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Elizabeth is an assistant professor of Communication at Michigan State University.
Elizabeth co-founded the Family Communication and Relationships Lab with Dr. Kristina Scharp in 2015. The lab houses a collection of interdisciplinary researchers and students from across the globe interested in understanding the complex dynamics of family communication in a variety of contexts. 

Elizabeth's research focuses on communication processes in close relationships, especially in the context of family. 

Elizabeth has applied and extended interpersonal and family communication theories (e.g., family communication patterns theory (FCP), confirmation theory) to explore how family communication is associated with young adults’ academic, relational, and psychological well-being. Recently Elizabeth and colleague Dr. Scharp secured a $74,000 Utah System of Higher Education grant to collect longitudinal dyadic (parent-child) data on student adjustment during the first year of college at Utah State University. This project involves testing and extending relational turbulence theory as it pertains to parent-adult child communication during the transition to college while providing USU an assessment of their first-year experience program.

A specific and especially challenging family process Elizabeth studies is how family members become marginalized from their families of origin over time. 
She interviewed and surveyed people who self-identify as the "black sheep" of their family to theorize about the role of communication in the process of family member marginalization and discover meanings of marginalization, types of marginalized family members, and relationship change trajectories in these tumultuous family relationships (Dorrance Hall, online first, Journal of Social and Personal Relationships). Elizabeth also identified five resilience strategies marginalized family members used to cope with their position in the family (Dorrance Hall, in press, Personal Relationships). Two new projects in this line of work have been funded by USU internal grants and examine the marginalization and resilience strategies of women in traditionally male careers and the parent-child communication experienced by girls interested in science, technology, engineering, and math (STEM).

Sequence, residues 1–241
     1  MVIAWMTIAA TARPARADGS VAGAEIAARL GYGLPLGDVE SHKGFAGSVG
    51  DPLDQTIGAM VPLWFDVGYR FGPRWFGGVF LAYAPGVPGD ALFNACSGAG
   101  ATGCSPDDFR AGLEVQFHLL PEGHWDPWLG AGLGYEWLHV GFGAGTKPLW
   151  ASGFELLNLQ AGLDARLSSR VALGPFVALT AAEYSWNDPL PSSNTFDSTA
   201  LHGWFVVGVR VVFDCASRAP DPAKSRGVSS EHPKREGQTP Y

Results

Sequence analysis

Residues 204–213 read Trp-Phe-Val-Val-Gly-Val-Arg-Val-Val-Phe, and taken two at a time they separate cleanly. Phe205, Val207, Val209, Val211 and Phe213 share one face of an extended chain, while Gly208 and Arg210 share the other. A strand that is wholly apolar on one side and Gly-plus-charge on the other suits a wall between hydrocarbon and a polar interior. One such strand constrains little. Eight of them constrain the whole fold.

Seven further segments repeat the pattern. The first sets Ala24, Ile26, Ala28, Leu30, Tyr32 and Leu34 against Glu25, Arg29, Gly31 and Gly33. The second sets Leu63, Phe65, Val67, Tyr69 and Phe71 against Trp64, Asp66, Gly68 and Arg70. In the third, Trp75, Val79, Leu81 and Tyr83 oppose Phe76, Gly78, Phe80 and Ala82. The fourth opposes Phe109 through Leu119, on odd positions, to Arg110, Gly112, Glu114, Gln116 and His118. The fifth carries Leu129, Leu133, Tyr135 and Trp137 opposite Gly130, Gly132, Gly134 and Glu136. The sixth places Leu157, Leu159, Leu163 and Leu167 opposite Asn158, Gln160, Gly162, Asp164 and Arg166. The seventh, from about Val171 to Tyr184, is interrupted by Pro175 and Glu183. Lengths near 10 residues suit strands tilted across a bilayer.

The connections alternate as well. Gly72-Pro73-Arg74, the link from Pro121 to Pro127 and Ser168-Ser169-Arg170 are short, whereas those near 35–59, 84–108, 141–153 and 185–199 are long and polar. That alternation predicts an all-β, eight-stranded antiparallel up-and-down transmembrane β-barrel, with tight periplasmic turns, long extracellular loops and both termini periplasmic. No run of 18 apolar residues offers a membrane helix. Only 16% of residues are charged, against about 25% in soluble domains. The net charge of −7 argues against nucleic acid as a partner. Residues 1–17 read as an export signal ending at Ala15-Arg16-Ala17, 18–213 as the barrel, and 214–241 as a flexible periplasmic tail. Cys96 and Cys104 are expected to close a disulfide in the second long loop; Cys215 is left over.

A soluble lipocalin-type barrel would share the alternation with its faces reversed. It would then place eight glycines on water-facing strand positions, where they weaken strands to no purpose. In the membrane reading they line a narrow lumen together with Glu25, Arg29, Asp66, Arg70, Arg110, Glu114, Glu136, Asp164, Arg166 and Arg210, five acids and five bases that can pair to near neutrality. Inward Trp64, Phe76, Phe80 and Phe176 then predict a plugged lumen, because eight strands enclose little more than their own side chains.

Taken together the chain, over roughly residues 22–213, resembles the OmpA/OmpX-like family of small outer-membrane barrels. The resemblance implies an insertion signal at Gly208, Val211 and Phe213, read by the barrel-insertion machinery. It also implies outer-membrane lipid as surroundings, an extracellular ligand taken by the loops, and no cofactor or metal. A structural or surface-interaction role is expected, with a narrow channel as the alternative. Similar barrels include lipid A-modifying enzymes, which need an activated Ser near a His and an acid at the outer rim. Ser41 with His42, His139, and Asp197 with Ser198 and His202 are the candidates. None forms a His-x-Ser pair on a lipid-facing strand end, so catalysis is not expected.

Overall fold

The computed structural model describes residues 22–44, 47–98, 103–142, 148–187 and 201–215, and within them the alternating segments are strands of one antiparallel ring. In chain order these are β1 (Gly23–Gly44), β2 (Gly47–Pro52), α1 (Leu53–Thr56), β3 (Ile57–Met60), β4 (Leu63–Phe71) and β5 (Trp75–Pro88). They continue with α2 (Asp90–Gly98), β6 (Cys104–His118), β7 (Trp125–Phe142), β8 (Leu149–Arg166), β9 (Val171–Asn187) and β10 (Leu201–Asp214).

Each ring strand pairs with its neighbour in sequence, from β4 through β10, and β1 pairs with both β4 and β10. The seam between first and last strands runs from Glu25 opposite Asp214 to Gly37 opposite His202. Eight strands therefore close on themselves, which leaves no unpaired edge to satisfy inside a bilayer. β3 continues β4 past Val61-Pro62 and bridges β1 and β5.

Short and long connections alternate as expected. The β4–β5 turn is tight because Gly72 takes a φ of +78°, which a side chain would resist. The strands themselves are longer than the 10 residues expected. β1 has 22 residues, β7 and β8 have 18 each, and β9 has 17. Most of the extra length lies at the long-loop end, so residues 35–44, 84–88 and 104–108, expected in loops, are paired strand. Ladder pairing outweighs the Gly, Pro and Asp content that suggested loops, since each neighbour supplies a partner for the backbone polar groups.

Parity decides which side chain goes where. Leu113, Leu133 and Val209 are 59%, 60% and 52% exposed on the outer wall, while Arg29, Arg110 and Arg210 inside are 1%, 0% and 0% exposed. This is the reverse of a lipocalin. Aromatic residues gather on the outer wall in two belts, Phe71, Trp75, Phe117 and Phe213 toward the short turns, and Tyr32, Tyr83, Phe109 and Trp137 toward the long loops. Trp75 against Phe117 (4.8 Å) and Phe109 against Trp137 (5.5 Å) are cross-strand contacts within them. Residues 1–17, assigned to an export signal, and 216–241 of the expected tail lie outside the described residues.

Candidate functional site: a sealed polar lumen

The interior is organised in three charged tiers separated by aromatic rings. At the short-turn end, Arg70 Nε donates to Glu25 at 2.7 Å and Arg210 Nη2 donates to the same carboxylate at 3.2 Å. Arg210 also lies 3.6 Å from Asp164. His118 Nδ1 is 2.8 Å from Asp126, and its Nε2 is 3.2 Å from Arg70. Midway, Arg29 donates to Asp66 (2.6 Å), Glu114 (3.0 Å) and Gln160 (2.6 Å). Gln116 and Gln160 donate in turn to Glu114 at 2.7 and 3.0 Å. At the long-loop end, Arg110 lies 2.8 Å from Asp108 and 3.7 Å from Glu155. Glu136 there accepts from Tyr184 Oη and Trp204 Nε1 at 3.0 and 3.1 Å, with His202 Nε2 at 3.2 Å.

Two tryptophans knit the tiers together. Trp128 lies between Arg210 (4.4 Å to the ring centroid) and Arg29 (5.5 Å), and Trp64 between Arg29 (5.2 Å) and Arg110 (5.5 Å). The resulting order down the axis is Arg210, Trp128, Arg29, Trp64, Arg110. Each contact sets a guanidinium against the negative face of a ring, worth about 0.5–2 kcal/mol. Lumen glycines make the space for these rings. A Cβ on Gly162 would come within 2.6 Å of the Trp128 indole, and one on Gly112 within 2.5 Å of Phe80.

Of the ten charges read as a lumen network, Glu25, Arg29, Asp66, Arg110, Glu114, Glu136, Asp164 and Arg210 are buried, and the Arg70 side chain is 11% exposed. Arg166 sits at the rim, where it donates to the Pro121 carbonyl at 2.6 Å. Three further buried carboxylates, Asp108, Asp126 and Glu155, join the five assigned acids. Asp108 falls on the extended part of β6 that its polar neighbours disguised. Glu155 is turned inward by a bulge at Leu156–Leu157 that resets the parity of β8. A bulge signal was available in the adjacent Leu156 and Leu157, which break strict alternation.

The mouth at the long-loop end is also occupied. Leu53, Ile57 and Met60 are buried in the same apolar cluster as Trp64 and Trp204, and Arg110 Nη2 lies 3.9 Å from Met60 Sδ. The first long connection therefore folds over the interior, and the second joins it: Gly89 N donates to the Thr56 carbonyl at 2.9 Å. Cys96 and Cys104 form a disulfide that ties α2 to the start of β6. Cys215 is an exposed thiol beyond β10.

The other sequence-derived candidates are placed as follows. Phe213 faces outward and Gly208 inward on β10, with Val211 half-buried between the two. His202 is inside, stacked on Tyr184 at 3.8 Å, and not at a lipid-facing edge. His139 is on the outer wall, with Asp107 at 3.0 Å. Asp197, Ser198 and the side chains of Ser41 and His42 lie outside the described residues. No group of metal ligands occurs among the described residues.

Third, Elizabeth's research has focused on the process by which interpersonal communication influences health decisions and behaviors. She has worked to understand the influence of the multiple goals family members hold and the message features they employ when encouraging their military service member to seek behavioral healthcare (Wilson, Dorrance Hall, et al., online first, Communication Research). Another study uncovered conversational dilemmas and strategies family members use to encourage help seeking among military service members (Wilson, Gettings, Dorrance Hall, & Pastor, 2015, Health Communication). This paper was given the Award for Excellence in Family Research from Purdue University in 2016. 

Elizabeth's research has been published in Communication Research, Health Communication, the Journal of Social and Personal RelationshipsCommunication Research Reports, Personal Relationships, the Annals of the International Communication Association, the Journal of Family Communication, and the Journal of Communication in Healthcare. She has  presented competitively selected papers and won top paper awards at annual meetings of the International Communication Association, National Communication Association, and regional conferences such as the Central States Communication Association and Southern States Communication Association.

For more information on Elizabeth's publications and research interests, please visit her profile on ResearchGate here